Solutions from the Land (SfL) leaders have been on the ground in Glasgow, Scotland, over the last two weeks, leading discussions among global negotiators and other delegates around agriculture’s central role in providing solutions for climate change, as well as other intertwined global challenges like food and nutrition security, clean water, biodiversity and improved livelihoods.
While the final outcomes of the Conference of Parties (COP) 26 are still unknown, we do know that SfL’s pragmatic, outcome-based solution pathways are resonating among – and being embraced by – countries, farmer organizations, businesses, conservation advocates and environmental organizations across the globe. So too is a growing recognition globally that the climate commitments and goals enshrined in the Paris Accord in 2015 cannot be met without agriculture.
Over the course of the past two weeks, SfL delegates have been emphasizing and reinforcing among delegates the tenets laid out in our Guiding Principles to enable food systems to support attainment of the UN Sustainable Development Goals by 2030. The principles represent a foundation upon which SfL will, over the next 18 months, endeavor to build and facilitate a coalition that will design and forge consensus on a roadmap to enable global agriculture, in all its forms and sizes, to deliver high-value, near- and short-term solutions to climate challenges. Building on the Koronivia Joint Work on Agriculture, SfL and other farmer organizations will work to reframe how the world views agriculture – shifting the focus from agricultural problems to agricultural solutions.
SfL’s guiding principles for climate action include, among others, the fundamental requirement that farmers must be at the center of all discussions and decision-making; that there is no “silver bullet” solution for enhancing the resilience of agriculture; that any solutions provided must be system-wide in their application as growers respond to continuous changes in climate’s impacts; and that retaining profitability for the producer is a paramount objective of any agreement.
Falling within the spirit of the SfL guiding principle that calls for mobilizing innovation was the official launch last week in Glasgow of the Agriculture Innovation Mission for Climate (AIM for Climate). Introduced by the United States and the United Arab Emirates, the initiative is designed to increase investment in climate-smart agriculture and food system innovation over five years.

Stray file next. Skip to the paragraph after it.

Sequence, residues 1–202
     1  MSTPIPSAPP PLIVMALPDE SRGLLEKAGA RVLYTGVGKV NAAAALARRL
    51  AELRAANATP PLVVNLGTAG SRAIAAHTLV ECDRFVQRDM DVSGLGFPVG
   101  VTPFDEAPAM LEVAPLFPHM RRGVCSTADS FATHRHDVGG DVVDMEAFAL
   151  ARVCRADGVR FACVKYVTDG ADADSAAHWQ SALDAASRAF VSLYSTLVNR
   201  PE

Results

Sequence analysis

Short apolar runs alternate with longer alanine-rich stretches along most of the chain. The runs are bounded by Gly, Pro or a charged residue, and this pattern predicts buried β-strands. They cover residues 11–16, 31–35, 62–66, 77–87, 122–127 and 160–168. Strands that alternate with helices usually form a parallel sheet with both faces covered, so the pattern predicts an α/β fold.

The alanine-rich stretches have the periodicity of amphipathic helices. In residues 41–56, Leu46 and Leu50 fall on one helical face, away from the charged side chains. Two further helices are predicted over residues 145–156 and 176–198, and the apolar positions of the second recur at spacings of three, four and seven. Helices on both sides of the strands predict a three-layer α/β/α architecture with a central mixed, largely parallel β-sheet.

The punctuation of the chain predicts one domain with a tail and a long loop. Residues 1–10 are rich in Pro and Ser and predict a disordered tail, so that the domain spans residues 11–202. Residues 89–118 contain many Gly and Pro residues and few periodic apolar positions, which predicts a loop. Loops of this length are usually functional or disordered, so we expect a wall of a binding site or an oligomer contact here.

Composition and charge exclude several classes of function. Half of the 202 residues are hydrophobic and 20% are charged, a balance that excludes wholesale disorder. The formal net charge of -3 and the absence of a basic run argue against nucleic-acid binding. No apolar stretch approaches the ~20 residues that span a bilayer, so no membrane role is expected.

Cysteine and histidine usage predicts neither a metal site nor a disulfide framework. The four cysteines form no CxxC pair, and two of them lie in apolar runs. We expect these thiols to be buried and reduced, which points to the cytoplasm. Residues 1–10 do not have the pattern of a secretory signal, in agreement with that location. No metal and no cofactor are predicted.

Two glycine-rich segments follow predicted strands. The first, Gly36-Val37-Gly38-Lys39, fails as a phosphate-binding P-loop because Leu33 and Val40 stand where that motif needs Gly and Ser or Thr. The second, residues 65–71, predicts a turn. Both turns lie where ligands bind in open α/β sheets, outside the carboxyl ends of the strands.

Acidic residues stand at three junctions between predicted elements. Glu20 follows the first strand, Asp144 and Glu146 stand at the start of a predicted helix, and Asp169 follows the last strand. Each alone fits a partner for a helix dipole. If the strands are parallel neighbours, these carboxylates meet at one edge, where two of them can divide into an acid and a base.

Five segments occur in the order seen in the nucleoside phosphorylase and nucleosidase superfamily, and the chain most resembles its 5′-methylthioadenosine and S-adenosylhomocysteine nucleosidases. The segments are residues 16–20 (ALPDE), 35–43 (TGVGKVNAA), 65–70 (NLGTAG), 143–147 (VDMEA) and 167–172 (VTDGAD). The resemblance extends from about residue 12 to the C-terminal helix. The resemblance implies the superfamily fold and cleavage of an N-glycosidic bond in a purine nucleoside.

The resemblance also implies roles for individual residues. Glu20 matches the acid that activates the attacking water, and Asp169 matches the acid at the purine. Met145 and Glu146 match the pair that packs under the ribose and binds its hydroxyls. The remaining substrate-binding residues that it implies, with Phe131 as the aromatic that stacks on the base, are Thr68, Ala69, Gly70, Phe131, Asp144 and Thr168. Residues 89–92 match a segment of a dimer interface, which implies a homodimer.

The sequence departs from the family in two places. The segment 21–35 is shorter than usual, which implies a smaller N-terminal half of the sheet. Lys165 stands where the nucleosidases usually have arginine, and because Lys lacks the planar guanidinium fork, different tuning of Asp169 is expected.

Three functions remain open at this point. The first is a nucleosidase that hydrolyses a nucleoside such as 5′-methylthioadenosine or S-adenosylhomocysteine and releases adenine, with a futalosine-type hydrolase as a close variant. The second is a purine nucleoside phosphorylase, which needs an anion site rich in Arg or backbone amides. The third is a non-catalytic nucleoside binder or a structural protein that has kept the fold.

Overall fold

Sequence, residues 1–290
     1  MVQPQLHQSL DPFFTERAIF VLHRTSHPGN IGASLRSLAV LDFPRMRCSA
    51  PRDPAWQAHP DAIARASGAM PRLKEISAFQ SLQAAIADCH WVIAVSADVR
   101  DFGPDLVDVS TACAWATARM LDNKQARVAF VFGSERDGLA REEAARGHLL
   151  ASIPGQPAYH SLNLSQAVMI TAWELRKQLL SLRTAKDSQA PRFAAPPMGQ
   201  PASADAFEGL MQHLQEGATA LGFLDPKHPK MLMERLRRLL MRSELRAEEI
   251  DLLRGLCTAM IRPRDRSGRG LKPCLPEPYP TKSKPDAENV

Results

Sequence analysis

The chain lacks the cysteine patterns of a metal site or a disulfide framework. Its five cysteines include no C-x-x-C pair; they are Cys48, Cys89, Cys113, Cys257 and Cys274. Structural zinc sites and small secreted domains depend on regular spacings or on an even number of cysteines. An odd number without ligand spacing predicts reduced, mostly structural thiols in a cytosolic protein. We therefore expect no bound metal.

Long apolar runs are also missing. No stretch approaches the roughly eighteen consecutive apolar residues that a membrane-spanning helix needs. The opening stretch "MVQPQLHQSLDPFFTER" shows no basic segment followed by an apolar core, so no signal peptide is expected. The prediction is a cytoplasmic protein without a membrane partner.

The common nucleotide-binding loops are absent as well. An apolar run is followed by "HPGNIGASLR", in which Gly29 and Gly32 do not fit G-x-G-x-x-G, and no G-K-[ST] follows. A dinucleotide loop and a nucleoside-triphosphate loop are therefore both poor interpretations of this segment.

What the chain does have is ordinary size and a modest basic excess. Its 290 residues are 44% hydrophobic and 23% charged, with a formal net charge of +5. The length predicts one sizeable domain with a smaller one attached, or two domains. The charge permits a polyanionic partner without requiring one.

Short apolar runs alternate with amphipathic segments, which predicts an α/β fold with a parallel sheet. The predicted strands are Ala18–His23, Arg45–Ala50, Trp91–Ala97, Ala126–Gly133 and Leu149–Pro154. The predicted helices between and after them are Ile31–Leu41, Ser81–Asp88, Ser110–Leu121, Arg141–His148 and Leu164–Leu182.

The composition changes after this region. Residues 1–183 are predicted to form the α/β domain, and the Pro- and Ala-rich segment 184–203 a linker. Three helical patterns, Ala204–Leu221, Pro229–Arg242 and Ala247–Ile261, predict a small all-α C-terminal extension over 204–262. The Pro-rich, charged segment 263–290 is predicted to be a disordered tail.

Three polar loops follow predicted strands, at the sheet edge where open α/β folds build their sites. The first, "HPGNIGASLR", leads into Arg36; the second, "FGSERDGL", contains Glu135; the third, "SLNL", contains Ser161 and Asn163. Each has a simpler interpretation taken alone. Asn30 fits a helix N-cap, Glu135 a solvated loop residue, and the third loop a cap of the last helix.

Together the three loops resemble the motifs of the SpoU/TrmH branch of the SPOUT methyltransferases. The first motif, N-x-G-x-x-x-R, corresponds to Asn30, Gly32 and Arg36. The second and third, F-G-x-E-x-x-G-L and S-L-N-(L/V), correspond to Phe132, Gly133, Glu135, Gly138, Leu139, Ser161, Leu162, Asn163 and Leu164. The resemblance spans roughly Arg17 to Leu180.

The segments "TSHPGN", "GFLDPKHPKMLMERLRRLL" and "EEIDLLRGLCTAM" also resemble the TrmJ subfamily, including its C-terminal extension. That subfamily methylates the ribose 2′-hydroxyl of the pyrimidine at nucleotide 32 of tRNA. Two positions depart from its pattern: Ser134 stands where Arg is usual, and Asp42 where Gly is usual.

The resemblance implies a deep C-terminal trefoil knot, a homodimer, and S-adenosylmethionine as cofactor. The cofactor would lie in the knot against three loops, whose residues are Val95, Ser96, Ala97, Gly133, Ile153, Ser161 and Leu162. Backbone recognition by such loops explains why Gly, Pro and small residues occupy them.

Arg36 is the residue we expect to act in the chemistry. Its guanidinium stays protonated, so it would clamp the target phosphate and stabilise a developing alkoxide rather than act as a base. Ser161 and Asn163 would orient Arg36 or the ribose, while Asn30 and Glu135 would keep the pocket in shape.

Proponents of AIM for Climate, which has drawn support by midweek from an additional 32 nations and scores of agricultural, business, academic and civic organizations, including SfL, say the initiative aims to address the climate crisis by uniting participants to significantly increase and accelerate investment in and support for innovation and technology and other advances in climate-smart agriculture systems and practices over the next five years. AIM for Climate has already begun to bear fruit, garnering an early boost in investment of $4 billion.
The initiative is designed to drive more rapid and transformative climate action in the agricultural sector, optimizing agriculture’s role as part of the solution to address the climate crisis, build resilience to its impacts, and create co-benefits of climate action. Project sponsors, recognize the wide range of participants that will be necessary to achieve its goal and are seeking to draw on diverse knowledge, experiences and cultures.
Much of the what the SfL contingent has promoted in Glasgow comes from the 21st Century Agriculture Renaissance: Solutions from the Land, a report issued earlier this year that lays out a vision for an agricultural reawakening in this century. Written by those who work the land with the advice of a phalanx of nationally and globally renowned experts, the document covers virtually every aspect of agriculture and offers a model for constructing sustainable and resilient systems across working landscapes. These are systems that can counter the growing, interlinked challenges to global food security, nutrition, rural livelihoods, health and climate. Our food system is immense, and much work needs to be done to preserve its integrity. We urge stakeholders to reach out to policy makers and make them aware of this 21st Century vision for the sector and the pathways for achieving it. Tell them not to be distracted by those who would advance an “agriculture is broken” agenda and simplistically call for an overhaul of the sector without understanding the interdependent functions that make up the world’s food, feed, fiber, energy and ecosystem services production platforms. As framed in the SDG’s, our world is facing multiple daunting challenges, but the good news is that sustainably managed farms, ranches and forests are an underutilized asset for solutions. Let’s show the world what agriculture can accomplish with the correct enabling polices, partnerships and markets that reward producers for all of the goods and services they produce. Onward!